Published online Nov 21, 2017. doi: 10.3748/wjg.v23.i43.7657
Peer-review started: April 25, 2017
First decision: June 22, 2017
Revised: September 1, 2017
Accepted: November 1, 2017
Article in press: November 1, 2017
Published online: November 21, 2017
Hepatitis B virus (HBV) is a non-cytopathic virus that causes acute and chronic inflammatory liver diseases, often leading to the pathogenesis of hepatocellular carcinoma (HCC). Although many studies for the roles of HBV on pathogenesis of the liver diseases, such as non-alcoholic fatty liver disease (NAFLD), hepatic inflammation, cirrhosis, and HCC, have been reported, the mechanisms are not fully understood. Endoplasmic reticulum (ER) and mitochondria have the protective mechanisms to restore their damaged function by intrinsic or extrinsic stresses, but their chronic dysfunctions are associated with the pathogenesis of the various diseases. Furthermore, HBV can affect intra- or extracellular homeostasis through induction of ER and mitochondrial dysfunctions, leading to liver injury. Therefore, the mechanism by which HBV induces ER or mitochondrial stresses may be a therapeutic target for treatment of liver diseases.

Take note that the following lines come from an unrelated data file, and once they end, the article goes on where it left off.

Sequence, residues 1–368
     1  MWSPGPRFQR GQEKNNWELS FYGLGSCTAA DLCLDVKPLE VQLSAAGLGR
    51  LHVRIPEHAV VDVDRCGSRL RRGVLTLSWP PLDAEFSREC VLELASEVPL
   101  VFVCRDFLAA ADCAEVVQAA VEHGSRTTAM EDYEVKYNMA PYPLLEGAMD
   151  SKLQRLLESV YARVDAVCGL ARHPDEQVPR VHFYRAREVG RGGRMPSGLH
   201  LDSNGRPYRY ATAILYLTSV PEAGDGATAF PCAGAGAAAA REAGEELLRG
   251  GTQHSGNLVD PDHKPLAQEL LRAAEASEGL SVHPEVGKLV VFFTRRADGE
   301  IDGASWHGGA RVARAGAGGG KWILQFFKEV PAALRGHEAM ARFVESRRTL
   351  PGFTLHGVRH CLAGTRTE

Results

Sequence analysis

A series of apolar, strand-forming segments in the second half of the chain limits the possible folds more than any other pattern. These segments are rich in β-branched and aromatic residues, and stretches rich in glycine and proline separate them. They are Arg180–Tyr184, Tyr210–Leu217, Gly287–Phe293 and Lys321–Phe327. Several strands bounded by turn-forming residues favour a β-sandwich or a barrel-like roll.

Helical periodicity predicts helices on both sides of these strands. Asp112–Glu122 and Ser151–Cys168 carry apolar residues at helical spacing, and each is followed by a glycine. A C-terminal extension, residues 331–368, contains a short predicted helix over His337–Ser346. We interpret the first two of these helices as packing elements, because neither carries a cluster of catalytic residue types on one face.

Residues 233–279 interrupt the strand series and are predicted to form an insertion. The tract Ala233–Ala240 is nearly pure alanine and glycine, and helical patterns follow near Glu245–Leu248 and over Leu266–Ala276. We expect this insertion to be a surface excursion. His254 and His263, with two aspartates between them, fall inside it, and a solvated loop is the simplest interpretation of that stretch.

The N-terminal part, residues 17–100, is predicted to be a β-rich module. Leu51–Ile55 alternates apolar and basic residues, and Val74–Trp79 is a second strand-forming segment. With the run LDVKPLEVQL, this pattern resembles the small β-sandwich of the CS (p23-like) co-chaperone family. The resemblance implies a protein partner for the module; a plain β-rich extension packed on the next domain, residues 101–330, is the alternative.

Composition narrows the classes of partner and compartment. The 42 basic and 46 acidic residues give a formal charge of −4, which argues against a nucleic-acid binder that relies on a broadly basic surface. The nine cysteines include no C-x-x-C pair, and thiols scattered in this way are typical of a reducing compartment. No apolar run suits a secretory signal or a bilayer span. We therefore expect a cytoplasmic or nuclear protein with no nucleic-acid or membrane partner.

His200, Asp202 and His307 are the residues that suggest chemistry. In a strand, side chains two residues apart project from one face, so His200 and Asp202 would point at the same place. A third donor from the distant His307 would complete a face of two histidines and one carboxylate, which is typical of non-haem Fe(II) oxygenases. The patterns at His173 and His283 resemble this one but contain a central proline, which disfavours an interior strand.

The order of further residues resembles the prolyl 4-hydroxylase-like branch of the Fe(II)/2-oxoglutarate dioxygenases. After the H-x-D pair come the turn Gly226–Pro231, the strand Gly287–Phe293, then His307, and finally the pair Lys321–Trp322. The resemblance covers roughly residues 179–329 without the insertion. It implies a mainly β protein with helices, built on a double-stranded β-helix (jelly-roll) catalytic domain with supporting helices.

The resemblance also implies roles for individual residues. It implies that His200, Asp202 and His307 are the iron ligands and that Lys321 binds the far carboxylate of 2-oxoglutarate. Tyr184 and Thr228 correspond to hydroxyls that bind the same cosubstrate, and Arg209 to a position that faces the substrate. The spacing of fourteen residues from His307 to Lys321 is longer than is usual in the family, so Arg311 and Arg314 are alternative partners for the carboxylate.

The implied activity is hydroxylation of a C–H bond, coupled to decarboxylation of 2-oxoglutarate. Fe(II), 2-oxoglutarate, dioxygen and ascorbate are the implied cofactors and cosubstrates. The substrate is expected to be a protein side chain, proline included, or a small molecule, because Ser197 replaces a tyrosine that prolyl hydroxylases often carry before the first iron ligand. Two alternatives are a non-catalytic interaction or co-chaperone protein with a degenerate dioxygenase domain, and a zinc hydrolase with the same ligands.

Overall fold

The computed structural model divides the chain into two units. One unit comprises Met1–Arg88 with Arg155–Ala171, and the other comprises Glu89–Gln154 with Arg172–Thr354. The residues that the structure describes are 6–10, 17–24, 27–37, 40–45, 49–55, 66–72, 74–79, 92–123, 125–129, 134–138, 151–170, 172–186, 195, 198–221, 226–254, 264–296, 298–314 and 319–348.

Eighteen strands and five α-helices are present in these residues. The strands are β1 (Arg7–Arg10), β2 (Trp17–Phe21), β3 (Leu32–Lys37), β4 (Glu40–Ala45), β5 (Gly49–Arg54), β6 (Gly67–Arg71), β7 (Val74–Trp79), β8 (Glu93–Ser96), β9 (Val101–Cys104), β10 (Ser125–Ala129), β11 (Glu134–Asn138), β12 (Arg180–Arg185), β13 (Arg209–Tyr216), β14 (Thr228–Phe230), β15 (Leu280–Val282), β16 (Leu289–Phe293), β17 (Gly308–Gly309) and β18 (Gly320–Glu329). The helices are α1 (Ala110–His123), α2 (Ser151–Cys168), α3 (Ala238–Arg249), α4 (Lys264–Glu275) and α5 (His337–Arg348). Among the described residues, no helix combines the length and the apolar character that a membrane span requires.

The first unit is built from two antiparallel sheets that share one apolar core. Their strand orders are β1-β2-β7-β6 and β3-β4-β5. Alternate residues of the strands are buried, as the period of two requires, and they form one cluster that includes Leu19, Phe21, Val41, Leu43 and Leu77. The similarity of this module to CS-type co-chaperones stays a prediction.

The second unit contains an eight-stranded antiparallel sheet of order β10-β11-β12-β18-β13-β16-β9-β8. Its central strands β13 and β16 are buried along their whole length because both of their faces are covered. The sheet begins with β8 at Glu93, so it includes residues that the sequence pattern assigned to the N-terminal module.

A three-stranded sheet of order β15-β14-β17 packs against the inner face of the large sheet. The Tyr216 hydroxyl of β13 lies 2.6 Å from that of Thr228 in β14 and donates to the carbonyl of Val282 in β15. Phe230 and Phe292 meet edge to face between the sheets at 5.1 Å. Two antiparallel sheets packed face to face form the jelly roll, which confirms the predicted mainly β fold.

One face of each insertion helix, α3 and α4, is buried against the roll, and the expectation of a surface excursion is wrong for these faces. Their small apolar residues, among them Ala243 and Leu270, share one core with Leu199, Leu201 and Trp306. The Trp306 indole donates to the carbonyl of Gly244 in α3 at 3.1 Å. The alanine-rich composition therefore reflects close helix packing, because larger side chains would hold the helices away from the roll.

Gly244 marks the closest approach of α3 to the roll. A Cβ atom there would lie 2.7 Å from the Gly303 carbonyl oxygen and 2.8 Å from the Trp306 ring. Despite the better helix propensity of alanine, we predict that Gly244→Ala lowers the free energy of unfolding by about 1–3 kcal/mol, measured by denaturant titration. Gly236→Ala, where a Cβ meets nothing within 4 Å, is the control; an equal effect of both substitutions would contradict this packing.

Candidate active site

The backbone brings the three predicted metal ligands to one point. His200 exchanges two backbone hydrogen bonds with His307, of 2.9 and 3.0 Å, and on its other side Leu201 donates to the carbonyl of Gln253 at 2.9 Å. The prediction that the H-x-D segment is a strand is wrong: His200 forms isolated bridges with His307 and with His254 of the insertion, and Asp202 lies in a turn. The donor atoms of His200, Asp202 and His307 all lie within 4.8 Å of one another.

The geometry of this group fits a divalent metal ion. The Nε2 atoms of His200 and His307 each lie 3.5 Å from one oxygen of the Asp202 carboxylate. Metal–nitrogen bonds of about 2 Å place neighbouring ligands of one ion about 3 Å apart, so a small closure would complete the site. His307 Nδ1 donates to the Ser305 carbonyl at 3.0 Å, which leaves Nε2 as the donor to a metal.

Core tip: Endoplasmic reticulum (ER) is the major site of protein folding and calcium storage. Beside the role of ER in protein homeostasis, it controls the cholesterol production and lipid-membrane biosynthesis as well as surviving and cell death signaling mechanisms in the cell. It is well-documented that abnormal metabolic regulation induces adverse effects in liver disorders, such as non-alcoholic steatosis hepatitis, fibrosis, cirrhosis, and hepatocellular carcinoma which are associated with hepatitis B virus (HBV) infection. Recent animal model and human studies have showed ER stress as an emerging factors involved in the development of metabolic and liver diseases. In this review, we will summarize the crucial effects of ER stress response in the pathogenesis of HBV-induced liver diseases.